Monday, May 14, 2007

"He should have just accepted things as they are instead of trying to interfere with destiny " - Tracy Flick, "Election"

Tomorrow Pittsburgh holds its 2007 primary election. (Post Gazette coverage and endorsements here.)


H and I have been fairly involved in one campaign, Patrick Dowd’s, for District 11 City Council seat. Mr Dowd, who has been effective on the Pittsburgh Public Schools school board and would be a forward-thinking City Council member, who has displayed much integrity and intelligence, runs against Len Bodack, the incumbent, and a party hack. Mr Bodack has been nearly invisible this race – no website, few public appearances, certainly no debates even though Mr Dowd challenged him to one early on, and repeated his desire for a public debate several times. In addition, he seems to think that Lawrenceville is the only neighborhood in the district that matters – news for you, Mr Bodack – Highland Parkers and Morningsiders and Stanton Heights’ers are part of your constituency as well.

Mr Bodack has out-and-out called Mr Dowd a liar (in capitals and boldface!) in campaign mailers; however, to be evenhanded, this was in response to Mr Dowd’s insinuations that Mr Bodack is corrupt, that money has changed hands or been promised in some shady ways. (Is this true? I don’t know, but in truth, it would not surprise me. The Pittsburgh political machine is well-known for its old-boy cronyism. Our incumbent mayor is a decent example.) So yes, both candidates could have taken a higher road, but my vote goes without dispute or second thought to Mr Dowd. (Whom, in the interest of full disclosure, is someone I personally know and respect, and consider a friend.)


The school board race is the one that, as a parent of a child in the public schools, most concerns me. Stephanie Tecza is running against Heather Arnet. What first concerned me about Tecza is that she was one of three candidates up for endorsement from the District 2 School Board Coalition; each candidate agrees that, whomever the Coalition endorses, the others will drop out of the race and support the chosen candidate, thus ensuring community’s political support for the candidate deemed best. The Coalition endorsed Ms Arnet and Ms Tecza decided to run anyway. Her reason, that the Coalition “did not reflect the diversity” of the district is neither here nor there: she knew coming in who comprised the Coalition; her decision to fly in the face of this pledge and run anyway demonstrates a lack of integrity and commitment.

In addition, she is running on the platform that the district does not do enough for special ed kids (she has two children, one of whom has Down’s Syndrome). As the parent of three typical children, perhaps I am being insensitive, but I would like the school board to worry less about a particular group of students and focus on balancing the budget and providing a decent education for all its students. I think that a special-interest-biased member at this point in the board’s history will cause unnecessary disruption and short-sightedness. What we need is what Ms Arnet offers: “ I think the last few years have brought increased accountability and also a very strategic focus on increasing student achievement.” … she wants to help that agenda move forward.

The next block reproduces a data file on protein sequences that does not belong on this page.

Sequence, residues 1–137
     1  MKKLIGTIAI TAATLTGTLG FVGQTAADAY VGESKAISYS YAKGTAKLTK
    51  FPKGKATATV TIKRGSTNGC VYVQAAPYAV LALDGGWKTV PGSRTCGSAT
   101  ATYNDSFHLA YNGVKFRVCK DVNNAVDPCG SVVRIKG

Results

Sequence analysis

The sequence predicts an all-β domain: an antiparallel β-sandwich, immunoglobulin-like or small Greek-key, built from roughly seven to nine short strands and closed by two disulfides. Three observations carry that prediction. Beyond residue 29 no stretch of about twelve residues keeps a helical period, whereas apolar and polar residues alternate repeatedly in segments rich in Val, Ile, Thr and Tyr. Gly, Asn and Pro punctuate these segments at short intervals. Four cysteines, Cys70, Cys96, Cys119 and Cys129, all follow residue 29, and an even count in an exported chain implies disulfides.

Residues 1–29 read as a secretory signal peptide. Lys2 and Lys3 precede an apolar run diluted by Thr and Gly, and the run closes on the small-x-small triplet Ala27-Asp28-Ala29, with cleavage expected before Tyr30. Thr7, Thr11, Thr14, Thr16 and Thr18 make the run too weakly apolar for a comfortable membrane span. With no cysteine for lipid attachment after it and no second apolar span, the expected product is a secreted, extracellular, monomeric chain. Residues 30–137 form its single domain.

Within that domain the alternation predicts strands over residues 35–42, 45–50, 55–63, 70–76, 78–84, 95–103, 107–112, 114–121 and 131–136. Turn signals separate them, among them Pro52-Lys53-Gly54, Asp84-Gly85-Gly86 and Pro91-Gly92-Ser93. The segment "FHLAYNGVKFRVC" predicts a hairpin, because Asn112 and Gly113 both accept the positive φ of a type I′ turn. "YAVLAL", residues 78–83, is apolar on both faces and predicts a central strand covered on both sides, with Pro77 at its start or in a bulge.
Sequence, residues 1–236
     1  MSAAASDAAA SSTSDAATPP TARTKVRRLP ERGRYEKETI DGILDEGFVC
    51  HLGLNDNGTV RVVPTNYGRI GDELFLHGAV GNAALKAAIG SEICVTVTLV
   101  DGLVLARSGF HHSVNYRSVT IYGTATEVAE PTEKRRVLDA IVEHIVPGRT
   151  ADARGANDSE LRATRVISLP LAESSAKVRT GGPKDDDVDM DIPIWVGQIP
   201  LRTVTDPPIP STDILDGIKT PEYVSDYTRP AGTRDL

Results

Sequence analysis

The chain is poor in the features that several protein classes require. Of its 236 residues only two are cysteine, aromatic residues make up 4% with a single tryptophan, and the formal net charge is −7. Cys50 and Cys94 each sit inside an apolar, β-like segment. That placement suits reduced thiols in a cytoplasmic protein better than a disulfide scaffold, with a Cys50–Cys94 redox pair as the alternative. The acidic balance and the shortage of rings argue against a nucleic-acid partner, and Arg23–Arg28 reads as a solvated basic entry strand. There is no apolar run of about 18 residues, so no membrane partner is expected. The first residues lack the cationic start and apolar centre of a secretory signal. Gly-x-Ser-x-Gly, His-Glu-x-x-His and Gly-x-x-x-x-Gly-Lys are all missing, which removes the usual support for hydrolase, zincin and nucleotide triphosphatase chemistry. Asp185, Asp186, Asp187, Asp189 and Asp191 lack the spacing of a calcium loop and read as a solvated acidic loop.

My vote goes to Ms Arnet.


Other races I am keeping an eye on include that of Controller: Doug Shields is a fine guy, but I would like to keep him on City Council where he has done a great job, and where perhaps he and Mr Dowd can work well together to help this city live up to its potential. He is running unopposed for his council seat. His opponent for controller is Michael Lamb, which is who I will be voting for. It’s not that we don’t like you, Mr Shields! We just like you where you can do the most good, on the City Council.


I will be voting for Jack McVay, Joe Williams, and Michael McCarthy for Allegheny County Court of Common Pleas.


I don’t know what to say about Mayor Luke Ravenstahl. I don’t like him, but that’s more of a gut reaction than any sort of studied, intelligent political decision.
I was living on the North Side when he ousted Barbara Byrnes for City Council, running and winning in that staunchly Democratic neighborhood on his name (or rather, his father’s and grandfather’s name). He was elected President of City Council as a compromise candidate among rival factions and upon Mayor O’Connor’s unexpected illness and death last year, he ascended to the position of Mayor. There was some debate after Mayor O’Connor’s death as to whether there must be an election for the new mayor; the law is ambiguous, and some argued that the mayoral term does not expire till 2009; as it turns out, it doesn’t matter - his election is a formality, as he is running unopposed.


Tomorrow is 2007 primary election day.
The polls are open from 7 a.m. till 8 p.m.
Go vote.
And if you don’t vote, you have no right to complain.

1 comment:

Sarah Louise said...

Great voter's guide, BB! I don't even try to understand politics, but you really distilled this down. I was wondering about the School District thing, since I only JUST got wind of a second person running yesterday.

Off to GE to get more Zicam so that I won't be sneezing on all the nice voters tomorrow...